else if (x <= 0) {
}
health = x;
}



Another advantage of using set-methods is that you can easily implement future changes. For example if you decide later on that max health should be 99 instead of originally planned 9999, you simply have to add a /100 here and it's all set. Otherwise you'd have to go through your code and modify every occurence where the variable was changed from the outside.

### #4ilreh

Posted 08 May 2014 - 12:26 PM

For 1) the equivalent of POJO is POD - where you make a struct where all the members are public, and all the members are either primitive types, raw pointers, or other POD types.

If every member has a getter/setter, then they may as well just be public.

Although they can be used equivalently there are differences. If you add a set-method you can include error-handling and polymorphism which can help you maintain correct behavior.

For example:
you have a class player and a variable called hp. If you use a set-function you can also implement something like:

void Player::setHealth(int x) {
if (x < (maxhealth /4)) {
Player::yell("I need a medic!");
}
else if (x <= 0) {
}
health = x;
}



Another advantage of using set-methods is that you can easily implement future changes. For example if you decide later on that max health should be 99 instead of originally planned 9999, you simply have to add a /100 here and it's all set. Otherwise you'd have to go through your code and modify every occurence where the variable was changed from the outside.

### #3ilreh

Posted 08 May 2014 - 12:25 PM

For 1) the equivalent of POJO is POD - where you make a struct where all the members are public, and all the members are either primitive types, raw pointers, or other POD types.

If every member has a getter/setter, then they may as well just be public.

Although they can be used equivalently there are differences. If you add a set-method you can include error-handling and polymorphism which can help you maintain correct behavior.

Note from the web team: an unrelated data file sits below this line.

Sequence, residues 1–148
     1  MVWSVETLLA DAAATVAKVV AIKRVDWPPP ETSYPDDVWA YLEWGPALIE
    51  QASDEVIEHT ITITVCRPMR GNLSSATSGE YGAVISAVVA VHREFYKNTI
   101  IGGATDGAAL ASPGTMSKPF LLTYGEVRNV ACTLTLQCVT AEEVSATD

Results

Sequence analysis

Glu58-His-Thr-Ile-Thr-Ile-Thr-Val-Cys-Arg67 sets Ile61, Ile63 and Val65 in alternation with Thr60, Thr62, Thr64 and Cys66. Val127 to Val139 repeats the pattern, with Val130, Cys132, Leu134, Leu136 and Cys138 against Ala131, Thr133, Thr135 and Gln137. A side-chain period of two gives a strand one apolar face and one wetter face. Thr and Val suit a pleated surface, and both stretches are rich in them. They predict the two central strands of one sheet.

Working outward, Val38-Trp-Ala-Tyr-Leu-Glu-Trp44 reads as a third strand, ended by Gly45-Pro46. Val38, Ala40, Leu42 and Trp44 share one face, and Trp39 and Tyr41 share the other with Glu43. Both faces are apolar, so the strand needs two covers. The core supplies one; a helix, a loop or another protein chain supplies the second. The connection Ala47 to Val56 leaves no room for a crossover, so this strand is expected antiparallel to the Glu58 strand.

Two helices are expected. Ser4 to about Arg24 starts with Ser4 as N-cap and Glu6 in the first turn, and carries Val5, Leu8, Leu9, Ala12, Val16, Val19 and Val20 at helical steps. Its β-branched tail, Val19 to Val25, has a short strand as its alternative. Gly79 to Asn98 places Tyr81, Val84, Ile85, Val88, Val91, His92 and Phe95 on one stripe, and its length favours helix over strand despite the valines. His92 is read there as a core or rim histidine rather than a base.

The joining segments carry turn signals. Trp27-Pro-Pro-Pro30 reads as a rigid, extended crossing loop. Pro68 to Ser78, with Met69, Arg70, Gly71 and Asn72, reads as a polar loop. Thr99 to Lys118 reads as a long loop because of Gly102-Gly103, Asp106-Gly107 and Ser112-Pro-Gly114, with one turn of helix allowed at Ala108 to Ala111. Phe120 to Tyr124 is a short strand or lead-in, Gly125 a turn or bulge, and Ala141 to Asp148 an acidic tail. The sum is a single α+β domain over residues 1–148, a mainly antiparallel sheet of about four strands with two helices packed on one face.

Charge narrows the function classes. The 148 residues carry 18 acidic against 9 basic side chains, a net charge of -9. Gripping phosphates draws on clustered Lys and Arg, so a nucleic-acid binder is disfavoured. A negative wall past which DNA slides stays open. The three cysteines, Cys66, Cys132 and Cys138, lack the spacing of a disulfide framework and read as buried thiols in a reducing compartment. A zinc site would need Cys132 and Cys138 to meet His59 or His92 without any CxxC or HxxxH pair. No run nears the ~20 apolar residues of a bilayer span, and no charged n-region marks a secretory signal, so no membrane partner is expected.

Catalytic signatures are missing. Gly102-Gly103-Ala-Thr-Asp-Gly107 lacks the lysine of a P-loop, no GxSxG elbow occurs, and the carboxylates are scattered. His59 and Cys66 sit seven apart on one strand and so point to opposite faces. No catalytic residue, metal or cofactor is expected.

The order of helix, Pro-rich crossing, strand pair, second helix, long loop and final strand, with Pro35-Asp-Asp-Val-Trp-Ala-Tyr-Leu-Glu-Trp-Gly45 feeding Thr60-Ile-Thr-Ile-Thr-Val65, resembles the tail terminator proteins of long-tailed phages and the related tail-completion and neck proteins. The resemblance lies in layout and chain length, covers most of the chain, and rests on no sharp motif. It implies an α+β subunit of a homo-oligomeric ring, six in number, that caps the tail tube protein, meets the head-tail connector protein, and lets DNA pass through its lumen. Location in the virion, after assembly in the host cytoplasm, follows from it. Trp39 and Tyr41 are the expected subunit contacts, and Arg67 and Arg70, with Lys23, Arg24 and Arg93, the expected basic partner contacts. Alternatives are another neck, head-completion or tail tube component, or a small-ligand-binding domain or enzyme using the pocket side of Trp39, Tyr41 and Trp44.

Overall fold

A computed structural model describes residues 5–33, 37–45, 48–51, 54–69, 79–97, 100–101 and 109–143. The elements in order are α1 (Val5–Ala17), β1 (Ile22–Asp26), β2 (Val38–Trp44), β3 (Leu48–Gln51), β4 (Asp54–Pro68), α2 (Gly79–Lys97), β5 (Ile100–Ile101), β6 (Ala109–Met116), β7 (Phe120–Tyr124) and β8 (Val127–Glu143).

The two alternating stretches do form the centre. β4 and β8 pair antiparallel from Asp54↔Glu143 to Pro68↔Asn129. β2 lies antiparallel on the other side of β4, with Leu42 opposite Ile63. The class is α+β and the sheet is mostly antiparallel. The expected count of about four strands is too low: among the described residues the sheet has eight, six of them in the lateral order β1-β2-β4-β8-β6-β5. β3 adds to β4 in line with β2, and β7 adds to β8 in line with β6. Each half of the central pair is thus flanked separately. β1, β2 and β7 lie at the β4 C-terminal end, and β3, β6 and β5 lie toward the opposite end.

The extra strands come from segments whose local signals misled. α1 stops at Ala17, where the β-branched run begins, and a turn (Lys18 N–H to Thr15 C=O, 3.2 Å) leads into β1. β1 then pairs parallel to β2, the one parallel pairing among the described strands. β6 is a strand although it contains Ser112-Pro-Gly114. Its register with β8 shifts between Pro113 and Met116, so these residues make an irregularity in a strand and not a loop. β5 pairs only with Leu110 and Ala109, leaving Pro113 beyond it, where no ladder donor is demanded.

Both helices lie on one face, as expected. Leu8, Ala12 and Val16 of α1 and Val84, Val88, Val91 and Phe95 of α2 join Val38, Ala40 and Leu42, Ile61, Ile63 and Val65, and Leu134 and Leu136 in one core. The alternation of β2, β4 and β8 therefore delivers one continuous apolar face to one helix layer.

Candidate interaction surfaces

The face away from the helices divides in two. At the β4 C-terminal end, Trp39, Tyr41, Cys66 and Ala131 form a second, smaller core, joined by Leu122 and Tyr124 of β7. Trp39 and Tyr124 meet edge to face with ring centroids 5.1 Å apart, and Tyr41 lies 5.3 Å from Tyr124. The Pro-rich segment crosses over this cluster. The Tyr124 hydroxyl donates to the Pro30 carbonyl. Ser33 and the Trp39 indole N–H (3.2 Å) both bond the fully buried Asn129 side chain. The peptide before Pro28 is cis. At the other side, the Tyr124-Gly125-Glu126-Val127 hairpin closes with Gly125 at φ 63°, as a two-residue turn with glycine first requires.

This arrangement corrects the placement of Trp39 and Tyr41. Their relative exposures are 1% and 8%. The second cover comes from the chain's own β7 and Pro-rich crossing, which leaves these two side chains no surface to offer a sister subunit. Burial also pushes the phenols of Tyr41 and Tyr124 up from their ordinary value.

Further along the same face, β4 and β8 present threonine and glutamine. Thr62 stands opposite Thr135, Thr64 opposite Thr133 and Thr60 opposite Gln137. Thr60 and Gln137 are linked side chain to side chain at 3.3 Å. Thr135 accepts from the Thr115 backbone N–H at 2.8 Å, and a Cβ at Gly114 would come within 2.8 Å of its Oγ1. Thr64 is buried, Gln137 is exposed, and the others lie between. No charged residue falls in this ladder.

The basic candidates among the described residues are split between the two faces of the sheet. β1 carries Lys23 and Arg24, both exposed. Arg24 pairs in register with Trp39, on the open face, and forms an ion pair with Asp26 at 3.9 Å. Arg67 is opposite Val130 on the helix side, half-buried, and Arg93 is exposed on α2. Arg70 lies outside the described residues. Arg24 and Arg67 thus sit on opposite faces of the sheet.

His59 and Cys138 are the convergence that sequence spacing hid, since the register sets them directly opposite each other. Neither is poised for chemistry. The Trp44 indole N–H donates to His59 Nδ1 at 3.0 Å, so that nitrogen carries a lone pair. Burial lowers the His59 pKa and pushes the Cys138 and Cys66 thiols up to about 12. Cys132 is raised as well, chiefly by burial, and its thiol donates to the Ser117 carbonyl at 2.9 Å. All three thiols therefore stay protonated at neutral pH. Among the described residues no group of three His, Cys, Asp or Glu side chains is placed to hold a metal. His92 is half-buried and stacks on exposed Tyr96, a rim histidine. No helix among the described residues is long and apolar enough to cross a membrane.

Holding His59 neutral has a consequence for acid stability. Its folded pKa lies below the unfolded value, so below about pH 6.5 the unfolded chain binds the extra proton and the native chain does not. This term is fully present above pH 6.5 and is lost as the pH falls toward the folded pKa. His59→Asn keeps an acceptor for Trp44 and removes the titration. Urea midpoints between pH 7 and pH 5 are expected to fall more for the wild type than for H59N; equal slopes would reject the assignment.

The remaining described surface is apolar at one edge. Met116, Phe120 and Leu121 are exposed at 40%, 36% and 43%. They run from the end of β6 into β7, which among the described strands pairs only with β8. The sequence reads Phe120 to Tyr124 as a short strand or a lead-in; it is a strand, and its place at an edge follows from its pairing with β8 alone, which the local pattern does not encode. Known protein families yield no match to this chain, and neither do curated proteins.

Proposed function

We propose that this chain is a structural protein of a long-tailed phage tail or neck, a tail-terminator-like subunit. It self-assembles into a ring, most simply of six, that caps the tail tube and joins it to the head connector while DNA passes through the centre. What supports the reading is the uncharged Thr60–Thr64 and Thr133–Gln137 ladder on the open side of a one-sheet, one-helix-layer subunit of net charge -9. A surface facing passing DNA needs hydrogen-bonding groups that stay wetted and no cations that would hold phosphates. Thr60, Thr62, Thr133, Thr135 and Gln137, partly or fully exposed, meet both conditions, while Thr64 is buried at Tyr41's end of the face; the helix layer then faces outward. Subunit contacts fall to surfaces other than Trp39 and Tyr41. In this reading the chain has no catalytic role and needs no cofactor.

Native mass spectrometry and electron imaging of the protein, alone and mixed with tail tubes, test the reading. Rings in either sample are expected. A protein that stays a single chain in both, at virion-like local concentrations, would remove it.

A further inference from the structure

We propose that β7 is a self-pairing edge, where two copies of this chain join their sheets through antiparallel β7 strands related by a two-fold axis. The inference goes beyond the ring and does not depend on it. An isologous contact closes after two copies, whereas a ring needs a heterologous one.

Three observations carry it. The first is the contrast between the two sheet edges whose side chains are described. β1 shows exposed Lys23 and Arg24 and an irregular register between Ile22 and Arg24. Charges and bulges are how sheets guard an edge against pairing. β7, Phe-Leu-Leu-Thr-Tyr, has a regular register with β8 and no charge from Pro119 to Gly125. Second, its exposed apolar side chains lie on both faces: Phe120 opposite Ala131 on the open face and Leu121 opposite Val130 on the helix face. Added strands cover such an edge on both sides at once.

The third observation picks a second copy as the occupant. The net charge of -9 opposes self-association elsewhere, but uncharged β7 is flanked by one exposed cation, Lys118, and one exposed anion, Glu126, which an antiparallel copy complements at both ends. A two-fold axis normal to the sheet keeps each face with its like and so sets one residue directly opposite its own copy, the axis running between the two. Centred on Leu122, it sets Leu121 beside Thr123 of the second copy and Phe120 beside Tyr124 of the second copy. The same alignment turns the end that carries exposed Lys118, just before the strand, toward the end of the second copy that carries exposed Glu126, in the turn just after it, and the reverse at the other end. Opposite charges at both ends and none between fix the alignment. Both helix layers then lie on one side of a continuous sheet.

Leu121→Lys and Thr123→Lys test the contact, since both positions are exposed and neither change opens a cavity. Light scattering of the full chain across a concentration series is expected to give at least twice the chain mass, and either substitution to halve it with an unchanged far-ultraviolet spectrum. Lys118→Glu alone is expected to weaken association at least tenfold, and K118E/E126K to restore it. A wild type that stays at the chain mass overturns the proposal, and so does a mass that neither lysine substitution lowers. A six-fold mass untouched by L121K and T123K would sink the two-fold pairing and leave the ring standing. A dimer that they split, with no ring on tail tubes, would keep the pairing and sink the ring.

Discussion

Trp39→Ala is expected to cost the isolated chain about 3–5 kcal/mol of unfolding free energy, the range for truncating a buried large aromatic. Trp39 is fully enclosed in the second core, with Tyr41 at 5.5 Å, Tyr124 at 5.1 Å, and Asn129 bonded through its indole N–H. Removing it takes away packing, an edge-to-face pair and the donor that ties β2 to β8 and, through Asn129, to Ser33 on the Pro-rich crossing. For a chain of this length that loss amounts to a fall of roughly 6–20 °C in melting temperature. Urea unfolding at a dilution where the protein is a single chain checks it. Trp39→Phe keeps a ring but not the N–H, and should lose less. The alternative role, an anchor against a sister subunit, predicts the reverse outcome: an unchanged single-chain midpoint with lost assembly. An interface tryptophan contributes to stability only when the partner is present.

For example:
you have a class player and a variable called hp. If you use a set-function you can also implement something like:

void Player::setHealth(x) {
if (x < (maxhealth /4)) {
Player::yell("I need a medic!");
}
else if (x <= 0) {
}
health = x;
}



Another advantage of using set-methods is that you can easily implement future changes. For example if you decide later on that max health should be 99 instead of originally planned 9999, you simply have to add a /100 here and it's all set. Otherwise you'd have to go through your code and modify every occurence where the variable was changed from the outside.

### #2ilreh

Posted 08 May 2014 - 12:17 PM

For 1) the equivalent of POJO is POD - where you make a struct where all the members are public, and all the members are either primitive types, raw pointers, or other POD types.

If every member has a getter/setter, then they may as well just be public.

Although they can be used equivalently there are differences. If you add a set-method you can include error-handling and polymorphism which can help you maintain correct behavior.

For example:
you have a class player and a variable called hp. If you use a set-function you can also implement something like:

void setHealth(x) {
if (x < (player.maxhealth /4)) {
player.yell("I need a medic!");
}
else if (x <= 0) {